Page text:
“The message of peace must therefore remain our top priority,” Archbishop Kaigama said, and added, “Peace brings understanding, unity, togetherness, forgiveness, collaboration, development and growth.”
The Local Ordinary of Abuja Archdiocese recalled the instruction of Jesus Christ to the 72, highlighting the message of peace they were to bring to houses they visited.
“Today Jesus equips us with the message we must bring to our world: Peace be with this house [world],” Archbishop Kaigama said.
He added in reference to the message of peace, “Jesus knows very well that this is what our world needs most; to transform it from a culture of war and hatred to a culture of peace. He invites us to be instruments of His peace; to heal the world of violence.”
Making reference to St. Paul’s letter to the Galatians, Archbishop Kaigama said, “St. Paul in the second reading, as if speaking to Nigerians, refers to our carrying the wounds of violence and conflict, but that God assures us of His peace.”
Peace that St. Paul is praying for can only be absorbed in the hearts of the people, communities, societies and in the entire world when people live in accordance with God’s will, he further said, and added, “Preaching the gospel inevitably means preaching the gospel of peace, and a believer is to be most pitied who does not preach the good news of peace.”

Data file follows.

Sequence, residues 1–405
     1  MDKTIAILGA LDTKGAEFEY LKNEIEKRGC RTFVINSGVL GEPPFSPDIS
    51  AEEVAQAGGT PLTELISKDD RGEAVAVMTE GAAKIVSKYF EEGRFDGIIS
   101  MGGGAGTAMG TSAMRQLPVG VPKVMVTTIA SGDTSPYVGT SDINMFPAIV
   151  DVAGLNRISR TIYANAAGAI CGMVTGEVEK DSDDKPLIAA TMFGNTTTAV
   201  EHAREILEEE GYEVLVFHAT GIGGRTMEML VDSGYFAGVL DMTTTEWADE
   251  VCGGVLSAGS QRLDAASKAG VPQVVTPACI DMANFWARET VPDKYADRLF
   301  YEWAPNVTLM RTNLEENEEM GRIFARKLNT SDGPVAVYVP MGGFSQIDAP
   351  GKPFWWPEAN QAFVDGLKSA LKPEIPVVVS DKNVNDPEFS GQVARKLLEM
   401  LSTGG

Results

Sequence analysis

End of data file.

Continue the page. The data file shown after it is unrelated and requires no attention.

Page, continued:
The Archbishop who will turn 64 at the end of this month challenged those vying for various political seats ahead of the country’s 2023 general elections to “include in their political calculations” how they will handle insecurity.
He said, “Those aspiring to rule this country must keep in mind the enormous security situation at hand and include in their political calculations now the needed strategies and deliberate measures to bring the unfortunate security situation under control.”
“The kidnappers or terrorists are said to be so bold as to demand for money, foodstuff, motorcycles and even weapons to be delivered to them in person. Also, that the negotiations for these are done by telephone, and yet they remain undetected makes this the greatest Nigerian mystery today,” Archbishop Kaigama said.
He looked to the future with hope saying, “One day all our sufferings in Nigeria will be a thing of the past, that is, if we make good political choices, and the leaders create a level laying ground that permits transparent and just democratic practice.”